In Fiji demonstrators have taken to the streets of the capital, Suva, to protest against what they regard as interference in the nation's affairs by foreign trade unions.
SV & CU demonstrators with placards marching through Suva. (2 shots)
LV ZOOM IN Prime Minister Sir Kamisese Maru on balcony facing crowd.
SV Maru speaks on balcony.
LV crowd listening
SV Maru seated facing reporter in garden.
CU Maru being interviewed.
MARU: "It is a fact that overseas trade unions have set about to besiege us. The powerful voices of international unionism were modulating themselves to organise world boycotts. It meant nothing to them the hardship that would be inflicted on so many innocent people."
Later Sir Kamisese spoke to Broadcasting Council of New Zealand reporter Bill Sutton.
SUTTON: "So Fiji will be seeking to find new trading partners?"
MARU: "I have already made a public statement on that and it's just coincidental that the newly appointed Chinese ambassador came and offered the assistance of his country at the time we were in deepest trouble, when we didn't realise what the future would be."
SUTTON: "You don't think that incidents like this will create closer relations between you and communist countries?"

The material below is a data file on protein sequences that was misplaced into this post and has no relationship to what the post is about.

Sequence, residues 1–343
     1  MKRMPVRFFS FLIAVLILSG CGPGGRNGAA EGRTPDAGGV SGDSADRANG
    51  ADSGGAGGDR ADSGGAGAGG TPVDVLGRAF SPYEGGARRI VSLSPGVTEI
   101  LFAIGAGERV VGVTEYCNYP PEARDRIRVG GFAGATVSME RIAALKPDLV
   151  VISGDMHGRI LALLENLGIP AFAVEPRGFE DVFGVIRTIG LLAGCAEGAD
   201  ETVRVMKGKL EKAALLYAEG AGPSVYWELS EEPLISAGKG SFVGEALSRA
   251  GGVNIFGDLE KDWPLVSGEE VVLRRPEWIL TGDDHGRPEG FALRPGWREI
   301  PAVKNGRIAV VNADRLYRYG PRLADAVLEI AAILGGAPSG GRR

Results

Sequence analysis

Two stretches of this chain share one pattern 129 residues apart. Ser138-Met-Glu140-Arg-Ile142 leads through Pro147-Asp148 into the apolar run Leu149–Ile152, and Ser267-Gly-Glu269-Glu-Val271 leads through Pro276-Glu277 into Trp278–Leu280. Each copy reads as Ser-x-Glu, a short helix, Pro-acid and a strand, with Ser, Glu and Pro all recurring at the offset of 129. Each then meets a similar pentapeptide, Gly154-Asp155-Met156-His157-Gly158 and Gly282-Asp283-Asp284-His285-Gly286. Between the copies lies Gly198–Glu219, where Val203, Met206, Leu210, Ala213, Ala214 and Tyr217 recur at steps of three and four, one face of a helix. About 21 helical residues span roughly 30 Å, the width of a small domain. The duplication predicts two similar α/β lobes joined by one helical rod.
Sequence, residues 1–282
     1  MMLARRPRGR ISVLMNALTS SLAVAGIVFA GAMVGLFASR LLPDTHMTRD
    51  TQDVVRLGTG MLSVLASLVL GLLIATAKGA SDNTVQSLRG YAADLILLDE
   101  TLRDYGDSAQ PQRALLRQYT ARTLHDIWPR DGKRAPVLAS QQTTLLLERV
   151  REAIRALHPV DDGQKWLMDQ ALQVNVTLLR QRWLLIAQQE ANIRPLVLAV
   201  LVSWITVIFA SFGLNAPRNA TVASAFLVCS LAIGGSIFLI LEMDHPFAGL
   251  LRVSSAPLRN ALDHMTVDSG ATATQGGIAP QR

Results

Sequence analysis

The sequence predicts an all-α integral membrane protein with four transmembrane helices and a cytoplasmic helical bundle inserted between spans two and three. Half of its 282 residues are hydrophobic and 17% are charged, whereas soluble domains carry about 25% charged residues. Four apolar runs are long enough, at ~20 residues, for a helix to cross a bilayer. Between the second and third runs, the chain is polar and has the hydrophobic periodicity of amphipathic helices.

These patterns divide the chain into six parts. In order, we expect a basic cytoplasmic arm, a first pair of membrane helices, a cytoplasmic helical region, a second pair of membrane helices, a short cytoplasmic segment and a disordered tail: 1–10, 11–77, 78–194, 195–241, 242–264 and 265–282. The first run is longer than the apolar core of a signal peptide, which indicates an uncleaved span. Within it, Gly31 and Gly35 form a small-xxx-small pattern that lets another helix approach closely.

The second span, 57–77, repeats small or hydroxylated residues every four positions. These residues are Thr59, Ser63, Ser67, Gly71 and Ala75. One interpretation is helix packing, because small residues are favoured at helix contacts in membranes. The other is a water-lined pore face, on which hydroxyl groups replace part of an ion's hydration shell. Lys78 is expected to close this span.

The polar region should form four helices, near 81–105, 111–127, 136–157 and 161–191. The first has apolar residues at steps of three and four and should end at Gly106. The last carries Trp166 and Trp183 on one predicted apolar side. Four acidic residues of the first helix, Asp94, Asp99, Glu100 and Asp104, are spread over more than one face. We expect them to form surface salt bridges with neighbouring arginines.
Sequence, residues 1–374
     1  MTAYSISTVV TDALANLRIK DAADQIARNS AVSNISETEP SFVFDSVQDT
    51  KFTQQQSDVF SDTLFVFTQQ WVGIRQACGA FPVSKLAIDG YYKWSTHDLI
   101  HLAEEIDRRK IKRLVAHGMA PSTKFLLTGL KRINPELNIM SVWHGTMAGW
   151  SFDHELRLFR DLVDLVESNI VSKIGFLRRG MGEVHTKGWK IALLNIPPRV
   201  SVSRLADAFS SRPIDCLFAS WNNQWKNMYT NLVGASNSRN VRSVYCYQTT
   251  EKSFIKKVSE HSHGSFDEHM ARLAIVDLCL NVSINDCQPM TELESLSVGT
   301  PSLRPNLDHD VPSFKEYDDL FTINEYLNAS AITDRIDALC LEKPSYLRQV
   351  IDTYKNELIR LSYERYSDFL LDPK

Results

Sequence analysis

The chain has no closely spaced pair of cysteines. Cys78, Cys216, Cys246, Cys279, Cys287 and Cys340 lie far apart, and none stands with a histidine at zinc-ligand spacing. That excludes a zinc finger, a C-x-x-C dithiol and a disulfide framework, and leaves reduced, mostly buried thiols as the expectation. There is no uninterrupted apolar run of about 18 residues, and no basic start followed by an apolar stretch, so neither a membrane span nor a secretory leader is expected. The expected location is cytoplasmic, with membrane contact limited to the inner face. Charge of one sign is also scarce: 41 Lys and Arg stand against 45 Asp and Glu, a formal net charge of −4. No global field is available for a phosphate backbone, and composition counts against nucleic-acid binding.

MARU: "I certainly will look into the possibilities. We have said so many things against communist countries. I have to look at the alternatives between communist countries, relations with the communist countries -- and relations with the New Zealand dock workers and the Australian dock workers -- which is worse."
REPORTER: BILL SUTTON
Script is copyright Reuters Limited. All rights reserved
Background: In Fiji demonstrators have taken to the streets of the capital, Suva, to protest against what they regard as interference in the nation's affairs by foreign trade unions.
Sir Kamisese is currently heading a minority government, following recent elections and his surprise re-instatement as Prime Minister. Local observers say that he is anxious to make the most of an issue such as the allegation of foreign interference to stabilise his control in a tenuous political situation.
SYNOPSIS: The demonstrators marched through the streets carrying placards demanding free trade. They are particularly concerned about Australia and New Zealand, where unions have banned ore shipments from Fiji and objected to the use of non-union labour on ships plying to Fiji. The demonstrators finally gathered outside the office of Prime Minister sir kamisese Maru, who warned that Fiji would not allow its trade to disintegrate.